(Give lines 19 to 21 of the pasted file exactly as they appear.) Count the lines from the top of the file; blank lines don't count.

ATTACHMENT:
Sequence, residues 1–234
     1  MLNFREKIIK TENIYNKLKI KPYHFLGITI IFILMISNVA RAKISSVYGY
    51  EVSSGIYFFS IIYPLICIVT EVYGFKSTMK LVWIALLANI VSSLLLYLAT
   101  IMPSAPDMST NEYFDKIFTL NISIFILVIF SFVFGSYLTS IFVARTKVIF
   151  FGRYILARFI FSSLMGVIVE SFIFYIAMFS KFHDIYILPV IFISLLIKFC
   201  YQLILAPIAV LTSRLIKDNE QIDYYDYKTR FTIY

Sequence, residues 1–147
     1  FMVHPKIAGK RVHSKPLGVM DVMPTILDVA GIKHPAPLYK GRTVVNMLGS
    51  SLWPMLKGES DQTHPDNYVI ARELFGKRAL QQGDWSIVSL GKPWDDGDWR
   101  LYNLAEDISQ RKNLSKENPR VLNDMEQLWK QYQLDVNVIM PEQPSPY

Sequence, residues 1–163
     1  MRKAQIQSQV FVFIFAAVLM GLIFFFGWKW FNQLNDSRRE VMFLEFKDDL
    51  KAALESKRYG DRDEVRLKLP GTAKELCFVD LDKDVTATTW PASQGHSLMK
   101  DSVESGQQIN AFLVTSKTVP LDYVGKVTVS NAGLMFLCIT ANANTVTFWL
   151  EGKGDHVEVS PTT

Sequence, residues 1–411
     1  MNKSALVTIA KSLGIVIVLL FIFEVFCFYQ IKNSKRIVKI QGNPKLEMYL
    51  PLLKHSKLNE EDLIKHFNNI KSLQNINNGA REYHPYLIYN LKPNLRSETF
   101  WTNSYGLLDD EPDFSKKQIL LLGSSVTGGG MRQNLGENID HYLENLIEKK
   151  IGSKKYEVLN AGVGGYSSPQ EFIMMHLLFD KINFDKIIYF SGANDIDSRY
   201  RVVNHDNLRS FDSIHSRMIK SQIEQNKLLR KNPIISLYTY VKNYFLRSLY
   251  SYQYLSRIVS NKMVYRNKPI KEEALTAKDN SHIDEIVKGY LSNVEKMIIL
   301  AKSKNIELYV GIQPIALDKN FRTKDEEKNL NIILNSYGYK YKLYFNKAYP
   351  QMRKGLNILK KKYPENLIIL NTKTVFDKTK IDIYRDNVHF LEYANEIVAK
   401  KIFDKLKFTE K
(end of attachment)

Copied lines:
   101  WTNSYGLLDD EPDFSKKQIL LLGSSVTGGG MRQNLGENID HYLENLIEKK
   151  IGSKKYEVLN AGVGGYSSPQ EFIMMHLLFD KINFDKIIYF SGANDIDSRY
   201  RVVNHDNLRS FDSIHSRMIK SQIEQNKLLR KNPIISLYTY VKNYFLRSLY